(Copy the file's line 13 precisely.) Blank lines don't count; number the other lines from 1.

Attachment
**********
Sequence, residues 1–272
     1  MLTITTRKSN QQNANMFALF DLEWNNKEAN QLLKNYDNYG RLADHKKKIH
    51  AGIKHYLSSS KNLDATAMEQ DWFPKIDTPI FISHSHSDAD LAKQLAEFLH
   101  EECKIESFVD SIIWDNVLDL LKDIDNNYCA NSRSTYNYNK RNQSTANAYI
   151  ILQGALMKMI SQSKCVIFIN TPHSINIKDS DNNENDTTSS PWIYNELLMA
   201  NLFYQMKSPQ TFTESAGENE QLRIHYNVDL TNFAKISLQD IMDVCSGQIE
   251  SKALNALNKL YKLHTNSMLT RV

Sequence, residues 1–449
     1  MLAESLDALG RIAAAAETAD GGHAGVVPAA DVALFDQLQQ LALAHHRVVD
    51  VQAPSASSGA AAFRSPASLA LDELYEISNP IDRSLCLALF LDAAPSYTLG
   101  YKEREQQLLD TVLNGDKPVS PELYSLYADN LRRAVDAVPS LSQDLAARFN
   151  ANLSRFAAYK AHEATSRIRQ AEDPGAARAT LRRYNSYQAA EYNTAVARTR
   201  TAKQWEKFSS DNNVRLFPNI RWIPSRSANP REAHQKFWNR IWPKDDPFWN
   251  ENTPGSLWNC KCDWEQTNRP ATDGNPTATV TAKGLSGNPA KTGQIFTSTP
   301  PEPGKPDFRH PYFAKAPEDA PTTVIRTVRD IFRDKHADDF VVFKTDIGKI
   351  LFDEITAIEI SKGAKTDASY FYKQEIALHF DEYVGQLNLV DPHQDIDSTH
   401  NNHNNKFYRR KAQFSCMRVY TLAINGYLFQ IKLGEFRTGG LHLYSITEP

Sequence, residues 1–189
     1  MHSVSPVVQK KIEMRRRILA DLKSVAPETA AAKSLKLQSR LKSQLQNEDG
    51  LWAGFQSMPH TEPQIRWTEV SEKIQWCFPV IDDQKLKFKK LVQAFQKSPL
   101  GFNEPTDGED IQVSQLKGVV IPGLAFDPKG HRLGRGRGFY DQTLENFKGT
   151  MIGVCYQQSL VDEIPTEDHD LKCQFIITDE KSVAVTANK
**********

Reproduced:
   201  TAKQWEKFSS DNNVRLFPNI RWIPSRSANP REAHQKFWNR IWPKDDPFWN